Budget time: The cost of being "world class"
Property owners still reeling from this year's 18 percent average assessment increases could get a couple of Band-aids to staunch the flow in Charlottesville's new, 8.45 percent higher budget.
City Manager Gary O'Connell wants to drop the tax rate for the second year in a row, this time from $1.05 per $100 to $1.03 in the proposed fiscal year 2006-07 budget.
A bill carried by former mayor/new Delegate David Toscano and Senator Creigh Deeds lets homeowners earning $50,000 or less with houses valued at under $238,000 defer the tax increase– or up to $250 of it. Charlottesville is proposing to give eligible homeowners a $250 grant, not a deferral.
"The big deal is the assessment increases," says O'Connell about this year's budget. The Homeowners Tax Relief Program offsets increases in low- and moderate-income homeowners' assessments.
The city estimates that between 1,500 and 1,600 Charlottesville homeowners could be eligible for the grants, for which the proposed budget sets aside $420,000.
The $121,195,206 budget reduces expenditures by $1 million from last year, according to O'Connell. No one got laid off, but eight full-time positions were cut through reorganizations or attrition.
For example, $100,000 got sliced from the police department budget. "In the past, we funded 116 positions as if every one there were filled," O'Connell explains. "We know we don't have 116. Knowing about vacancies and retirements, we took out $100,000. We're not cutting the police department."
Same with the fire department. The budget shows five dispatcher positions eliminated for a savings of $355,000. Even the city manager's office feels the pinch, losing the unfilled position of "communications specialist" at $46K.
Large item pick-up, which used to be free once a year and now costs $25, gets dumped, saving over $153,000 in two public works positions, according to the budget. "Not many people were using it," says O'Connell.
"Then we looked at what had to increase," he says, listing the cost of maintaining the city's fleet, gas, new programs like the $420,000 tax relief program, and 4 percent salary and benefits increases.
A second afternoon Downtown Mall garbage pick-up has been added, and temporary leaf collectors will see a rise. A new fire truck to replace one that's 17 years old will set the city back nearly $1 million.
Even before the budget was presented to City Council March 6, it had already drawn the ire of John Pfaltz, who maintains that property owners "are not hurt by higher assessments; they're hurt by higher city spending. It's the increased cost of city government that's hurting them."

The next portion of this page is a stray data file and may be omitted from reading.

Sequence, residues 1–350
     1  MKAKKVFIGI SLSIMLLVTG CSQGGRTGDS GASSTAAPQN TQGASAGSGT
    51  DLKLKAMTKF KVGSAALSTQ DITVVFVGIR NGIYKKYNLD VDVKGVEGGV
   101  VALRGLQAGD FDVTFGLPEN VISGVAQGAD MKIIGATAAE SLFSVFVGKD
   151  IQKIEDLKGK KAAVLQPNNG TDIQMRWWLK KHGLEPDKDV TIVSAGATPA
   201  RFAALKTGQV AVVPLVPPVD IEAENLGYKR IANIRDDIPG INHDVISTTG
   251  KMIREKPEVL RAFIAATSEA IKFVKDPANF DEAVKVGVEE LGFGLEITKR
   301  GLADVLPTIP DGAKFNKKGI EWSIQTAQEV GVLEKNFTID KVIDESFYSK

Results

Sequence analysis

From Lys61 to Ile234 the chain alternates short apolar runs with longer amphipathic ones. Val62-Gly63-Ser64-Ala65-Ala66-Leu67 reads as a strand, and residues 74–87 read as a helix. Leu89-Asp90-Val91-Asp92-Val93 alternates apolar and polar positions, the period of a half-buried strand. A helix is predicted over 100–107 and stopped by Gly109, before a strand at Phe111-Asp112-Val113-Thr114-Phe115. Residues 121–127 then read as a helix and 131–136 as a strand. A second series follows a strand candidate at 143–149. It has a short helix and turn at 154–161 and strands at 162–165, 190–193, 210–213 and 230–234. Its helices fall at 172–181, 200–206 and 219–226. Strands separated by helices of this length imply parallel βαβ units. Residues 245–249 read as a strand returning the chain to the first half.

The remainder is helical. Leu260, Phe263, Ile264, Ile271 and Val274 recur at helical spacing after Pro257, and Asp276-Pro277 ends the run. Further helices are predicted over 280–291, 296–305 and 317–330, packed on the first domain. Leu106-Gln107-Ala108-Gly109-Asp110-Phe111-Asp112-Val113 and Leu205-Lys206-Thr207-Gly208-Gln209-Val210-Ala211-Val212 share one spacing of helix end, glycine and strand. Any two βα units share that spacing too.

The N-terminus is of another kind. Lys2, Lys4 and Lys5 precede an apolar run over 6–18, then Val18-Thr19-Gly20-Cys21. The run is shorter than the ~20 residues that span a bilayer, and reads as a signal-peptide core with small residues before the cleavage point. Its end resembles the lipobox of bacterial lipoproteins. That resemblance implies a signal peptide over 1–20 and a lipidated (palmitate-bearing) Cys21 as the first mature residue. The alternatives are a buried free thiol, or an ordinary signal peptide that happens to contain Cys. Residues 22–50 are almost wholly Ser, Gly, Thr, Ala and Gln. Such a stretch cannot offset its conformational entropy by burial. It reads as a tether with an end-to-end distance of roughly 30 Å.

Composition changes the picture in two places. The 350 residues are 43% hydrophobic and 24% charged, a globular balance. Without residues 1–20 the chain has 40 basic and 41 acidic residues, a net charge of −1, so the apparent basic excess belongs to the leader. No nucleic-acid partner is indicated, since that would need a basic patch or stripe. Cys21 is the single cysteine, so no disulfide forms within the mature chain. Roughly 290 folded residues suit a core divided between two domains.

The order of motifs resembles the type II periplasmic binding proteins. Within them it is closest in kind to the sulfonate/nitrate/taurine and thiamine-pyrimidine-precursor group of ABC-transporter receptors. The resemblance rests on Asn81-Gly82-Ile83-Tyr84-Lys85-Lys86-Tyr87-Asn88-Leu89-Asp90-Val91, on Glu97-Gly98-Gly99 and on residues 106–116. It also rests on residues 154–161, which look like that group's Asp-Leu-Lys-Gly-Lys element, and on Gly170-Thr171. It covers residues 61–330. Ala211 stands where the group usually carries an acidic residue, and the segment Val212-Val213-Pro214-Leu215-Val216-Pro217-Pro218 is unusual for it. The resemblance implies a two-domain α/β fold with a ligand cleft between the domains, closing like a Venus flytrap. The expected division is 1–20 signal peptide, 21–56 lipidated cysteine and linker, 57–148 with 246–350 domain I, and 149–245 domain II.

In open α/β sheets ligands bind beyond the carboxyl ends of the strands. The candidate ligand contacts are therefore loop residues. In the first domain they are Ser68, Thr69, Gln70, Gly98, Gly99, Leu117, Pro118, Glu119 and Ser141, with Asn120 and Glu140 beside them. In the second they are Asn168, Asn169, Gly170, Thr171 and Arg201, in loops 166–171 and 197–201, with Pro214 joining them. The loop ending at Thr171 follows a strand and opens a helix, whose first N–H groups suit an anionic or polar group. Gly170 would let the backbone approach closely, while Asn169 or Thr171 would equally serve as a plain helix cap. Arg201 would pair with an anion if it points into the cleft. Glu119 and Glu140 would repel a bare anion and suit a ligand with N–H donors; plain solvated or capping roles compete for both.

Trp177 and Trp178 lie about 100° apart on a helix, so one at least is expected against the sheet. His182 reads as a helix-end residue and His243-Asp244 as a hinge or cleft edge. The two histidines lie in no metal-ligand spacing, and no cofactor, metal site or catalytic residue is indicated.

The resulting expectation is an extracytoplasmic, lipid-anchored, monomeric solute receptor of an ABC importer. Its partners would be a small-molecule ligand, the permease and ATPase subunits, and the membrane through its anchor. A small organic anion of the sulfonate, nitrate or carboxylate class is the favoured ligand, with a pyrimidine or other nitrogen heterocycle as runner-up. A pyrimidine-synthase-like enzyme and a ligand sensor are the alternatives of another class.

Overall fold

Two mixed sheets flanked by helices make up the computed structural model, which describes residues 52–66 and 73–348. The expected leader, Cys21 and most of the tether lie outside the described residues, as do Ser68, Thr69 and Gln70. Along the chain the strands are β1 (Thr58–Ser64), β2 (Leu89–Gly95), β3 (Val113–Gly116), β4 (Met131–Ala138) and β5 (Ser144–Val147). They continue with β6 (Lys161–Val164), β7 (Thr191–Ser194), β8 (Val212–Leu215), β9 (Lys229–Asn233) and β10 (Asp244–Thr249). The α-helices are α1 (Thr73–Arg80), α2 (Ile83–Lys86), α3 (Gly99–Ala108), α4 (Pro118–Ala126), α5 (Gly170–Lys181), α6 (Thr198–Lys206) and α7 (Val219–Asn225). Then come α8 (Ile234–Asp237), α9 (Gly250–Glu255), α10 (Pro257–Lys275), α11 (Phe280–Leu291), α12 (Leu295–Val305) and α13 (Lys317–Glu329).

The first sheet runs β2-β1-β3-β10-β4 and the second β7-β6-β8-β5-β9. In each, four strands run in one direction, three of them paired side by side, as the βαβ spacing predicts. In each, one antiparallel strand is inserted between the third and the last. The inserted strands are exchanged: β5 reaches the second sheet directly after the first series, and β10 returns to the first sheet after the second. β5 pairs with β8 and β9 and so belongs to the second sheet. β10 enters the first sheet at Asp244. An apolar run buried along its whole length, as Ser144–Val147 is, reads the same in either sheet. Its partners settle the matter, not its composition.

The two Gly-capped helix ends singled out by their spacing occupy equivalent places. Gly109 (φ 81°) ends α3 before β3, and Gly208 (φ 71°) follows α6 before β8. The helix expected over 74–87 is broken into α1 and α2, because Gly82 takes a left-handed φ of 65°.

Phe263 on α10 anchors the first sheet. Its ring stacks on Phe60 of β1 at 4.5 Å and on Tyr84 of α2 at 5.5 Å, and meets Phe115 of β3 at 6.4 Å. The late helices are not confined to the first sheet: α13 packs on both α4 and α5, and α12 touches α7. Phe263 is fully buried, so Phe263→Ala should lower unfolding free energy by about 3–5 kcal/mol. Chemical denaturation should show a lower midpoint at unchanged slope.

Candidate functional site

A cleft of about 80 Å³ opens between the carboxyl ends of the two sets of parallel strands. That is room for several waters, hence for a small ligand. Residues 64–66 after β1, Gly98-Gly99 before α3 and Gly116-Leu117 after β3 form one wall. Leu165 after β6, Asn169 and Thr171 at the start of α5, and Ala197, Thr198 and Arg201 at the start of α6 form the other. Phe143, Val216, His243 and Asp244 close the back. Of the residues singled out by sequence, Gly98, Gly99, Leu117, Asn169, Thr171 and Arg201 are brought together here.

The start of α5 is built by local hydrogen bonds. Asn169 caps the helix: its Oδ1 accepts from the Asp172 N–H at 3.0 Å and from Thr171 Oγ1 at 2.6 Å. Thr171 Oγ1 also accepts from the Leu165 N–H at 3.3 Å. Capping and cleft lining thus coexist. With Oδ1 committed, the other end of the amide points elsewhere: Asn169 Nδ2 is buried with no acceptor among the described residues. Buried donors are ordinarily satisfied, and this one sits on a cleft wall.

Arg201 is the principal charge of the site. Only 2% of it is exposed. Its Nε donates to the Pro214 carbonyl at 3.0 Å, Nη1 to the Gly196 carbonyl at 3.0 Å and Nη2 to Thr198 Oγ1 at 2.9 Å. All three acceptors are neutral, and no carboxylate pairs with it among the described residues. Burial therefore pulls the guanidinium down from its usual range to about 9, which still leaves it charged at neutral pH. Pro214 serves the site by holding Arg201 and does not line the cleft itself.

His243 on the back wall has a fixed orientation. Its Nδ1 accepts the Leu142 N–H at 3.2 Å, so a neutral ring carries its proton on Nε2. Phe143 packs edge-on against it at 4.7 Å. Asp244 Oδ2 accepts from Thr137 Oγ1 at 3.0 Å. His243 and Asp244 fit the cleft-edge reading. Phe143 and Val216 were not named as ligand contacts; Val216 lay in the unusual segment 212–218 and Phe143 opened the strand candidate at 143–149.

Pfaltz targets the bulky trash pick-up. "That's just going to make people angry," he contends. He challenges the $153,484 savings from a service the city says is rarely used. "Then it can't cost that much," he says. "That's ridiculous."
After the budget presentation, Vice Mayor Kevin Lynch said, "It's not a bad starting point." He'd like to see the property tax rate come down even more– to an equivalent of 5 cents– and he'll be eying the proposed 4 percent salary increases.
City Council will vote on the budget April 11.
Down the hill from City Hall, in the Albemarle County Office Building, County Exec Bob Tucker has prepared his own $259.3 million budget, an 11.2 percent increase over last year's.
Paying for urbanization is the theme, as Albemarle continues its transition from rural/suburban, Tucker explains in his budget message to the Board of Supervisors.
He highlights expenses the county didn't face 10 years ago: a paid rather than volunteer fire and rescue staff, fire stations, sidewalks, roads, and storm water management for the county's 35 square miles of growth area.
At the same time, the county has 690 square miles of rural area to protect, says county spokeswoman Lee Catlin, through $1 million programs like the Acquisition of Conservation Easements.
Albemarle employees are looking at a 4.6 percent salary increase, slightly more than city employees.
Like the city, county tax assessments have soared, up 27 percent in last year's biennial reassessments. Last year, supervisors voted to lower the county tax rate by 2 cents, bringing the rate down to $.74 per $100.
The budget includes an $885,000 reserve fund for the Board of Supervisors. "They can use it to invest in capital programs– or a tax rate reduction," says Catlin.